juuni 25, 2009

Capoeira Religional

M Amen Santo (jah, seesama, kes õpetas Marc Dacascost olema capoeira-mees filmi Only the Strong jaoks) õpilane Prof Versatil on moslem ja Õpetlane. See kord lahkab ta oskuslikult vana head Mis-ühele-lubatud-see-teisele-keelatud-teemat ja küsimus on selles, kas moslem võib capoeiraga tegeleda. Võime laiendada küsimuse ka selliselt: kas mittekatoliiklasest mittebrasiillane võib capoeiraga tegeleda, ilma et ta tunduks "valitud rahva" silmis naeruväärne? Järgnev tekst on kopeeritud capoeira.com-ist ja keskendub capoeira verbaal-musikaal-spirituaalsele osale, mis erinevalt füüsilisest ei ole õnneks (veel) kistud sajasse eri suunda ja tuhandetesse vaidlustesse eesmärgiga leida kõige õigem tõde. Kui mõni autoriteetne meister annaks loa/näitaks ette, kuidas lahedalt laulda inglise vms keeles, siis oleks tagajärg kergelt öeldes huvitav (üks seda juba tegi, aga õnneks elab ta Austraalias :P). Nüüd siis sellest, mis vahe on laulmiselt ja palvel.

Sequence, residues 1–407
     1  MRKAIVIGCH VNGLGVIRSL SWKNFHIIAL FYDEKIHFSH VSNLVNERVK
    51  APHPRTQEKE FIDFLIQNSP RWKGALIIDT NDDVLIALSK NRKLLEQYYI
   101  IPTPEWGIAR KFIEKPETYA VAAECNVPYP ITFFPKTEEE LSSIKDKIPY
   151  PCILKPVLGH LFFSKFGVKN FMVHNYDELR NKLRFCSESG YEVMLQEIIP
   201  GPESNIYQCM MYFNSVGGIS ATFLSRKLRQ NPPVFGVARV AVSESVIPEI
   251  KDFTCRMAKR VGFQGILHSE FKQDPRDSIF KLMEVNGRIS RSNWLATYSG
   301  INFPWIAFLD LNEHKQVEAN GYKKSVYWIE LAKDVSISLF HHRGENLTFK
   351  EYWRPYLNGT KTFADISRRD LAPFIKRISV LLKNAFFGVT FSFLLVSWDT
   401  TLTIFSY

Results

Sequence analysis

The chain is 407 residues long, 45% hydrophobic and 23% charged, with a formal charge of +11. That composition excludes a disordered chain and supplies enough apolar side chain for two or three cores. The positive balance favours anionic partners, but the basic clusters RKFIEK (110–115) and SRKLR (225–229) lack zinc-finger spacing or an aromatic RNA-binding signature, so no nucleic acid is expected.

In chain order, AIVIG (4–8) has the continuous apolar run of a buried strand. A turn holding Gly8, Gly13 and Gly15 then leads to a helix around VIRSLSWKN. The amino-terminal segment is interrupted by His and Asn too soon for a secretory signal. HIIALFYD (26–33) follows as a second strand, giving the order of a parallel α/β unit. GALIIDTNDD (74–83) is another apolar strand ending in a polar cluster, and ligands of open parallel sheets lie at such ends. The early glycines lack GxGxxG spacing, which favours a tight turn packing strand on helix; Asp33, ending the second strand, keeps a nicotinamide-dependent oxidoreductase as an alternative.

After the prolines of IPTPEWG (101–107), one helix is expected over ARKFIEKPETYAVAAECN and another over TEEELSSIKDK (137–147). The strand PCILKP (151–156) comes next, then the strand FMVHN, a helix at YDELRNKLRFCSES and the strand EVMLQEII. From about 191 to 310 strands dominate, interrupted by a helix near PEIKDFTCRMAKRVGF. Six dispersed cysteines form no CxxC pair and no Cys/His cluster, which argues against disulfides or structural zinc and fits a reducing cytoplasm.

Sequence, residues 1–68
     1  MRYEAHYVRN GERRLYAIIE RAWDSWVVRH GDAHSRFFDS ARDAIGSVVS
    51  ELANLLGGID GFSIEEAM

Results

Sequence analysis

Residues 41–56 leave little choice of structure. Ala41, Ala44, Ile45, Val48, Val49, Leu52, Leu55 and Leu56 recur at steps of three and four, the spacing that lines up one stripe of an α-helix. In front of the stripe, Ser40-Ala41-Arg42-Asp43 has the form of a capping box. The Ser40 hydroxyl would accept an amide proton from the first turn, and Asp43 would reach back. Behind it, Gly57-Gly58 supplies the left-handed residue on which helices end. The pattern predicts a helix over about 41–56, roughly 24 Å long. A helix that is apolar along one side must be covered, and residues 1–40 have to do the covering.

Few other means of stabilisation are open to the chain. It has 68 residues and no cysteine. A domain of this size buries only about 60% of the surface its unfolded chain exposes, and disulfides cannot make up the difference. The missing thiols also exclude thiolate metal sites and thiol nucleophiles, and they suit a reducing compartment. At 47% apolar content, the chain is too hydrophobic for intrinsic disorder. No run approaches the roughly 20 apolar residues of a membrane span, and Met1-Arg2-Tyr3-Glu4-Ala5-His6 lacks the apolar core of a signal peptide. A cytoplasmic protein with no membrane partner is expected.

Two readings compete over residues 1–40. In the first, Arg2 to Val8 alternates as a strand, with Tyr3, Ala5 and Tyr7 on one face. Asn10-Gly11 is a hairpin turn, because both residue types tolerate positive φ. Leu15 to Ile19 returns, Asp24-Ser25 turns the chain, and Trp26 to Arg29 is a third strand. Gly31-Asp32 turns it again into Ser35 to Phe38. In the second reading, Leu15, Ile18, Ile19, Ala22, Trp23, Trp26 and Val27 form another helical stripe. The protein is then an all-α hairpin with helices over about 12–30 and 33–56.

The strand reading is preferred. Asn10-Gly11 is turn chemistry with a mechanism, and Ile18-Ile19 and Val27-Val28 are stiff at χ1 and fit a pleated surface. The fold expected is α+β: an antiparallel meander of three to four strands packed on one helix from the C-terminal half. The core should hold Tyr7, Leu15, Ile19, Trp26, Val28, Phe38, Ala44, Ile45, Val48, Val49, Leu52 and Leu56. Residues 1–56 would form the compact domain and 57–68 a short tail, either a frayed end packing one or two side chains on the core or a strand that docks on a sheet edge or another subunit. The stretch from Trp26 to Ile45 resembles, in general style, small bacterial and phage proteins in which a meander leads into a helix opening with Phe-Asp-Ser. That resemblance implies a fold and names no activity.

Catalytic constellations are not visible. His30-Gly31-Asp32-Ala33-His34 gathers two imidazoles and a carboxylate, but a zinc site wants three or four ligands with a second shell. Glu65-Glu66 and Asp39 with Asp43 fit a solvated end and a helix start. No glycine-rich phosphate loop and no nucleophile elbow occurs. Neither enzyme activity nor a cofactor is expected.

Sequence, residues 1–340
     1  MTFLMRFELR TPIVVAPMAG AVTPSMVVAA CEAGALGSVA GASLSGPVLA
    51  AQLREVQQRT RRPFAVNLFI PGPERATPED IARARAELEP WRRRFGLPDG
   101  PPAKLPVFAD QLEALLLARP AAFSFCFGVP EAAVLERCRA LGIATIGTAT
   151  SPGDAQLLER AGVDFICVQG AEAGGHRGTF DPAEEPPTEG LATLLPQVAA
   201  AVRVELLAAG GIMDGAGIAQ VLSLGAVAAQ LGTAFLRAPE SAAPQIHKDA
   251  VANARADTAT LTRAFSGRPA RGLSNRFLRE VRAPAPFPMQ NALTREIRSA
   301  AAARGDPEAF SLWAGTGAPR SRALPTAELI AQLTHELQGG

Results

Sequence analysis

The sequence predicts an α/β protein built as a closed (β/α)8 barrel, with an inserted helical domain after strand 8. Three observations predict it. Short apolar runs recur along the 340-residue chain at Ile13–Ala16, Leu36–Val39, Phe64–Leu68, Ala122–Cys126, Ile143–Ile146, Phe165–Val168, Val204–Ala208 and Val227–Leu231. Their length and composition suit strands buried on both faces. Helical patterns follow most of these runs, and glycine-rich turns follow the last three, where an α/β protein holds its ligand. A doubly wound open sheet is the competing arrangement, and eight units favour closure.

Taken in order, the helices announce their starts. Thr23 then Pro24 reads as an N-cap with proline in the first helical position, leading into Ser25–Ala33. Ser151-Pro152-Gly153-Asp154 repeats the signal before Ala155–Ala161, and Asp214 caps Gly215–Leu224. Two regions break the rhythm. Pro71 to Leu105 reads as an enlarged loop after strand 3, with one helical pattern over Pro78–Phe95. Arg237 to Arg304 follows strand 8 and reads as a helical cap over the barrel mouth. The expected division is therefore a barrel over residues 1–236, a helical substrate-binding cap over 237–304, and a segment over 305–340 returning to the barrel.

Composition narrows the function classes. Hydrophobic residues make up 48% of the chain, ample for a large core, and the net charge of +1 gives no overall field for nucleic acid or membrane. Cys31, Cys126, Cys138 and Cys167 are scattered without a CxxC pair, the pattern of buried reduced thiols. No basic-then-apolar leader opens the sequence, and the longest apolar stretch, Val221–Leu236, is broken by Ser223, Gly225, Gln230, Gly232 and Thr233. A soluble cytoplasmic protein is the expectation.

The most important thing is this. Nothing in Islam hapens without Nia (intent of the doer) and is not valid without Ikhlass (sincerity of intent). Why is this important? I have always heard the question '"So what about if someone starts singing a song about dona Maria or about the Orixa Ogum, clearly religious figures from religions other than Islam?" My answer comes in the form of a question "When is the last time that you prayed to Allah by accident? When is the last time that you saw a non-muslim make Salat accidentally for that matter?" It does not and cannot happen because in order to pray to someone, be it Allah or Obatala, you must clearly intend to do so. So much so that some muslims believe that their prayers are only accepted if they vocally pronounce their intent to do so before making Salat. It is impossible to accidently pray to a diety or idol if you do not intend to. The thing that people have to really be careful of is where their intentions lie. For instance when people talk about how much they pray or give money or when they are afraid to let people know that they missed a day of fasting, all because they are fearing being judged by other Muslims. This is a minor shirk because for Muslims, our hopes and fears should be tied to Allah, not the opinon of the Muslim next door. This creates a very simple relationship. If you are singing a song about dona Maria because you want to sing a song about dona Maria, that's what you are doing, period. If you are singing "e ogum ie" because you like the way that Mestre Suassuna sings it, then you are doing just that, singing it. If you want to pray to Yemanja, then you sing a song about a sereia in hommage, then you are praying to Yemanja. On the other hand I could sing that song right along with you and if my intention is to sing a song, then that, according to the basic and incontravertible tennates of Islam is exactly what I am doing, singing a song.

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